Culture, Relationships

The Starving Generation

April 21, 2015


One who is full loathes honey, but to one who is hungry everything bitter is sweet.

– Proverbs 27:7 ESV


The simplest way to lower your grocery bill? Never go shopping when hungry. Inevitably, no matter how disciplined you are, you’ll be drawn to buy things you don’t need if you try to buy groceries on a grumbling stomach.

Our bodies know when they need something to fill them, and the most rational of minds can be driven to terrible action by the cries of a starving stomach. The writer of Proverbs taps into a principle that is amazingly applicable in our day when he writes, “One who is full loathes honey, but to one who is hungry everything bitter is sweet.” The point is clear – if someone is hungry enough even things that would normally be disgusting will seem appealing.

When we see our culture turning towards homosexuality, promiscuity, gluttony, and blatant sin, our first thought shouldn’t be “What wicked people! God’s going to judge them.” Instead, we need to use the wisdom that Proverbs talks so frequently about to discern the motive is behind such sins. More often than not it’s a hunger that has gone so long unfulfilled that the bitter has begun to taste sweet. The lesbian woman has a history of sexual abuse by her father as a child and a string of abusive relationships with men that have left her so starving for love and affection that the bitter, skewed love of homosexuality tastes sweet. The transgender man becomes a woman in search of an affirmation of his own identity because of his grandmother’s distortion of love, his own fear, and an uncle’s teasing and abuse. True story. The Christian man turns to alcohol because he feels he never lives up to God’s or his own standards and doesn’t have anyone else to support him.

To the starving person even what is bitter and poisonous will taste sweet. But, beauty of beauties, the glorious Gospel of Jesus Christ offers in itself and in it’s people the sweet fulfillment of God and his people’s love, if only we will receive it. If only we will give it. Jesus himself does this with the samaritan woman at the well. Rather than beginning with rebukes for the woman and her long line of husbands, he offers her a well that will never run dry and a drink that will keep her from thirsting for the comfort of yet another husband. We may need to take a cue from Jesus here and change what we lead with in our Gospel presentations.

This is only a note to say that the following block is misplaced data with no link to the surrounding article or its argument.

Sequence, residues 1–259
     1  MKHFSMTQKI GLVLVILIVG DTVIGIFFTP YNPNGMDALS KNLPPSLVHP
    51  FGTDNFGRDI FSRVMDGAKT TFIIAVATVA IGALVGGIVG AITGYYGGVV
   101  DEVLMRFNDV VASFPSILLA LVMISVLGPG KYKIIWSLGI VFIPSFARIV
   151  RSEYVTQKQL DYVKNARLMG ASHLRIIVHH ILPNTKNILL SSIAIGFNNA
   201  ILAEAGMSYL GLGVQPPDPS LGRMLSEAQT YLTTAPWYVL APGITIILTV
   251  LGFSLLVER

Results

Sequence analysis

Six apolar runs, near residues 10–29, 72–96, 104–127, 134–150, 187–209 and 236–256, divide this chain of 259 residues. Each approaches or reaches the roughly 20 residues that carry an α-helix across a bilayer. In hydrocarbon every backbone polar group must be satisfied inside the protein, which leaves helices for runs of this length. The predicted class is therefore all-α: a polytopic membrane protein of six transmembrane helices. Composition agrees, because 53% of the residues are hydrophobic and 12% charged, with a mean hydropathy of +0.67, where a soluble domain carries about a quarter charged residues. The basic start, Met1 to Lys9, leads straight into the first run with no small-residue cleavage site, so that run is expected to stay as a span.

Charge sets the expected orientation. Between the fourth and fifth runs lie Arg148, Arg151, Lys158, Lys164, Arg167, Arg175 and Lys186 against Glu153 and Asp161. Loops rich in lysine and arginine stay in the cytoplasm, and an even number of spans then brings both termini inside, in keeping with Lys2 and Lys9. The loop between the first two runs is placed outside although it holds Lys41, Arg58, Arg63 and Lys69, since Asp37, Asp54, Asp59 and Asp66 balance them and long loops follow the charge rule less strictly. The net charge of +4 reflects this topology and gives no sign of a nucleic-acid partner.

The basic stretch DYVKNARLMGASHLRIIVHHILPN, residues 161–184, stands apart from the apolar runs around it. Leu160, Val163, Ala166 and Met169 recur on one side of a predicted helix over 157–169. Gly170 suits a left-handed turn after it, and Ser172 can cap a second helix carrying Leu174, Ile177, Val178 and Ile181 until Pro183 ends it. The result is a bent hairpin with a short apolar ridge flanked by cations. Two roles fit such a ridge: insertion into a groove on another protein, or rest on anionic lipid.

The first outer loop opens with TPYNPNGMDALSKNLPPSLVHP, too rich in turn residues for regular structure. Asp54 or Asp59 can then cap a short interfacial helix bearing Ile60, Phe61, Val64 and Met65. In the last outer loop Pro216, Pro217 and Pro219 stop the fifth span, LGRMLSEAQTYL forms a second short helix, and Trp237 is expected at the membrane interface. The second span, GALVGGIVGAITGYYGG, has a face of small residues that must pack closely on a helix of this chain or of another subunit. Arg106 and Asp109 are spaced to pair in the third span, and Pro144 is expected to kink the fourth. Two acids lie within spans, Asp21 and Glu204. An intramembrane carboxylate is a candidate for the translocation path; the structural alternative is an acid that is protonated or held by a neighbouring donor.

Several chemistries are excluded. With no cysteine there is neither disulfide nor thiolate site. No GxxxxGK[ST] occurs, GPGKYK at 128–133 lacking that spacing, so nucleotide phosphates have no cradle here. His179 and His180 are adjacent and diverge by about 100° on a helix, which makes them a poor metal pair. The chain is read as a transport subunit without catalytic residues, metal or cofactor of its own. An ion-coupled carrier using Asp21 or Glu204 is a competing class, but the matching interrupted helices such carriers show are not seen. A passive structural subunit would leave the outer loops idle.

The Apostle Paul makes the amazing statement that “The God of this world has blinded the minds of unbelievers.” How can Christians get angry at blind people for stumbling around and breaking things? How can we who have an abundance of food stand by and curse those who are starving and destroying themselves and those around them? Rather than spending time railing on social media about political parties or government policies, God’s people should be on the front lines distributing the only food that will satisfy those starving souls. Instead of standing by and telling the starving man to stop eating rotten meat we ought to be in the streets preparing a meal whose fragrance will fill cities and draw men and women to the meal that Jesus offers in himself.

Christian, come to Christ and receive him as your satisfaction. Learn the way of drawing and drinking from the wells of his delights. Then, as you have received so give. Go abroad and offer the gospel news that God himself will fill every void in the human soul; that the Holy Spirit will bring peace where there was anxiety and love where there was loneliness; that the Father invites them into a family that is whole and free from abuse and need to perform.

We live in a starving generation. They’re eating anything that is sold to them by the world, by Satan, or by the lusts of their flesh. We’ve got something that is so much better! Let’s offer it.


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